DVD Features Alicia Keys’ Acting Debut as Pistol Packin’ Assassin
Buddy “Aces” Israel (Jeremy Piven) was a two-bit magician with a mediocre lounge act until the Mafia turned him into a Las Vegas headliner. But instead of feeling indebted to mob boss Primo Sparazza (Joseph Ruskin) for the helping hand, the creep decided to create his own competing crime organization.
Initially, Aces met with a measure of success, and celebrated by overindulging in women and wine. At least until the Feds got the goods on him. Then, rather than spend the rest of his life in prison, he agreed to turn state’s evidence. However, once word reached Sparazza that Aces was about to testify against him, the aging mobster offered a million-dollars to the first person to kill the back-stabbing stool pigeon.
So soon, all sorts of depraved degenerates descend on Buddy’s hideout in order to be the one to cash in on the big payday. That, in a nutshell, is the point of departure of this unapologetically gruesome revenge flick. Between beaucoup booty calls, bling and bulletry, Smokin’ Aces is certainly visually-captivating from start to finish. Just don’t expect its storyline to be any more sophisticated than the typical gangsta’ rap video, and you won’t be disappointed.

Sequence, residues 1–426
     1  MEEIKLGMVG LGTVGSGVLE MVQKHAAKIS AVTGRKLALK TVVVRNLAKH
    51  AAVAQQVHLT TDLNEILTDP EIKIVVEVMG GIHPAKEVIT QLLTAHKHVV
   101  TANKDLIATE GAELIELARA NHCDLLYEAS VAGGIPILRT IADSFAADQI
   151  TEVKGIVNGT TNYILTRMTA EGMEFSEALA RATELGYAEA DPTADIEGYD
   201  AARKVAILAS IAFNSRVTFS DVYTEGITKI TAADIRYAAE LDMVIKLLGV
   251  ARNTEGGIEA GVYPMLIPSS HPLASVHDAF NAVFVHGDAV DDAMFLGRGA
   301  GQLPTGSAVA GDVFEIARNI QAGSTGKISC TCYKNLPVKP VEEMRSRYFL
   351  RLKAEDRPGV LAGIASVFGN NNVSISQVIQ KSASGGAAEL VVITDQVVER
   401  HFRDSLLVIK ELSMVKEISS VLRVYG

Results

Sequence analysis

Perhaps most noteworthy is the fact that the movie marks the screen acting debuts of a couple of Grammy-winners, pop diva Alicia Keys and hip-hop artist Common, who acquit themselves quite capably in support roles as a pistol-packin’ assassin and a beefy bodyguard, respectively.
The film also features a rainbow coalition of scantily-clad models seen hanging around the hedonistic Aces like refugees from a Jay-Z video. Towards the end, unfortunately, the plot makes a bizarre departure likely to disappoint those not satiated by bloodletting alone.
Fair (1 star)
Rated R for sexuality, female frontal nudity, pervasive profanity, ethnic slurs and graphic violence.
Running time: 109 minutes
Studio: Universal Studios Home Video
DVD Extras: Commentaries by the director, the editor, and cast members Common, Christopher Holley and Zach Cumer, deleted scenes, extended scenes, outtakes, alternate ending, plus three featurettes.